Paper 2012/485

Exploiting Collisions in Addition Chain-based Exponentiation Algorithms Using a Single Trace

Neil Hanley, HeeSeok Kim, and Michael Tunstall


Public key cryptographic algorithms are typically based on group exponentiation algorithms where the exponent is private. A collision attack is typically where an adversary seeks to determine whether two operations in an exponentiation have the same input. In this paper we extend this to an adversary who seeks to determine whether the output of one operation is used as the input to another. We describe implementations of these attacks to a 192-bit scalar multiplication over an elliptic curve that only require a single power consumption trace to succeed with a high probability. Moreover, our attacks do not require any knowledge of the input to the exponentiation algorithm. These attacks would therefore be applicable to algorithms such as EC-DSA, where an exponent is ephemeral, or to implementations where an exponent is blinded. Moreover, we define attacks against exponentiation algorithms that are considered to be resistant to collision attacks and prove that collision attacks are applicable to all addition chain-based exponentiation algorithms. Hence, we demonstrate that a side-channel resistant implementation of a group exponentiation algorithm will require countermeasures that introduce enough noise such that an attack is not practical.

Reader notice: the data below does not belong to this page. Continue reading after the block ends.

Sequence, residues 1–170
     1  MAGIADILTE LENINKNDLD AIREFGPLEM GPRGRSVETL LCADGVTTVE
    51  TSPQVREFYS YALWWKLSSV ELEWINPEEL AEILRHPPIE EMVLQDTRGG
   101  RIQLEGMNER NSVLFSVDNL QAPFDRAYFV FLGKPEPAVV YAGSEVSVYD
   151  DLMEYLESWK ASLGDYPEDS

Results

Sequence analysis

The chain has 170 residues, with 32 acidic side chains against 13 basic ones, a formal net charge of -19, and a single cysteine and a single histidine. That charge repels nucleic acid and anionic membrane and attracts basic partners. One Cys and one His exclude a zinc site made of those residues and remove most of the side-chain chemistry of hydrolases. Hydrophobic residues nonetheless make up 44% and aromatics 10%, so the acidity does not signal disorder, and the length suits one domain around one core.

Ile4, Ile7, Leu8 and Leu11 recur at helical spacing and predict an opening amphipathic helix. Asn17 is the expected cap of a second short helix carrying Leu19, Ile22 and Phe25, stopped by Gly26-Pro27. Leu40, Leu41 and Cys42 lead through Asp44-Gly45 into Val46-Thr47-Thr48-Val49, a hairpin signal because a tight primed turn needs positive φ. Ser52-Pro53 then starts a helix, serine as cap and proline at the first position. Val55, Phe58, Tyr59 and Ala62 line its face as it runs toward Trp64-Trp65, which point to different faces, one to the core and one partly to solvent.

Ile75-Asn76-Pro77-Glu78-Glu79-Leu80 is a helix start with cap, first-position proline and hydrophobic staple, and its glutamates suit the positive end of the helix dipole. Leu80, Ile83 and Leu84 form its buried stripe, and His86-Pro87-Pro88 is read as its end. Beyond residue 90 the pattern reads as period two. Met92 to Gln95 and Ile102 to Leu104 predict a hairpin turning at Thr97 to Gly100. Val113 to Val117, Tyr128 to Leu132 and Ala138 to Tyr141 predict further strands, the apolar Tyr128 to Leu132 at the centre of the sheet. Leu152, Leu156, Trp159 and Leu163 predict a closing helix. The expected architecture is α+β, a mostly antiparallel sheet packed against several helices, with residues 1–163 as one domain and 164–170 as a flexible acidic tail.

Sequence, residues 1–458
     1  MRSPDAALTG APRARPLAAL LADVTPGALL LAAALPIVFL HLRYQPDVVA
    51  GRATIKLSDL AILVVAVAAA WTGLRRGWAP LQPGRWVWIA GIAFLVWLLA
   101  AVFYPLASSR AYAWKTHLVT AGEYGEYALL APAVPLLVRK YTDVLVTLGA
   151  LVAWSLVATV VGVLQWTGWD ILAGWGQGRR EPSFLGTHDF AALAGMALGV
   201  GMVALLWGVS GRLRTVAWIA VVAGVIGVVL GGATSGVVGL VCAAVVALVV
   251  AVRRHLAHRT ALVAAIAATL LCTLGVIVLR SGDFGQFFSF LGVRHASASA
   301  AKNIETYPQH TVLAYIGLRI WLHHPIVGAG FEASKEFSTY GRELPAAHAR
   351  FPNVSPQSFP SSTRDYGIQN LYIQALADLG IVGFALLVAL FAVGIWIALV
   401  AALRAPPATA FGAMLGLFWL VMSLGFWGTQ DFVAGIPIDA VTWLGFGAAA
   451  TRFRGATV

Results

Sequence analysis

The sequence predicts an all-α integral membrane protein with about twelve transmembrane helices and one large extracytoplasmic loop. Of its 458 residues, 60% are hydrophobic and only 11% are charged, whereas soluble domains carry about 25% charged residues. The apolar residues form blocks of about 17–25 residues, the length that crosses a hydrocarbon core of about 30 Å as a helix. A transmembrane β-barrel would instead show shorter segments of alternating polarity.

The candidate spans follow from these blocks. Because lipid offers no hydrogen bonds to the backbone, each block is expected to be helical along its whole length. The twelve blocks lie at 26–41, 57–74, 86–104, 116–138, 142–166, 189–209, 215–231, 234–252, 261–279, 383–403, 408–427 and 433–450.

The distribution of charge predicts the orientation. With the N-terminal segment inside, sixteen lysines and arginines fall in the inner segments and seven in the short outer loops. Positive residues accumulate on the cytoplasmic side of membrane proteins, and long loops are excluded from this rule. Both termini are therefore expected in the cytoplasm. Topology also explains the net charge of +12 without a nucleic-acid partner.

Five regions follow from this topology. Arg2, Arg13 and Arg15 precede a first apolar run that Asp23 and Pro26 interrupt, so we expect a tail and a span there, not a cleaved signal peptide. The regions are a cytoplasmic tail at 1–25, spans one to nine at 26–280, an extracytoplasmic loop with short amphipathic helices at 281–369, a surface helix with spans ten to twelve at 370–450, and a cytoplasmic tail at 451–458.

Note: Updated results.

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Preprint. MINOR revision.
Side channel analysisexponentiationsmart card security
Contact author(s)
mike tunstall @ yahoo co uk
2013-12-19: last of 5 revisions
2012-08-22: received
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      author = {Neil Hanley and HeeSeok Kim and Michael Tunstall},
      title = {Exploiting Collisions in Addition Chain-based Exponentiation Algorithms Using a Single Trace},
      howpublished = {Cryptology ePrint Archive, Paper 2012/485},
      year = {2012},
      note = {\url{}},
      url = {}
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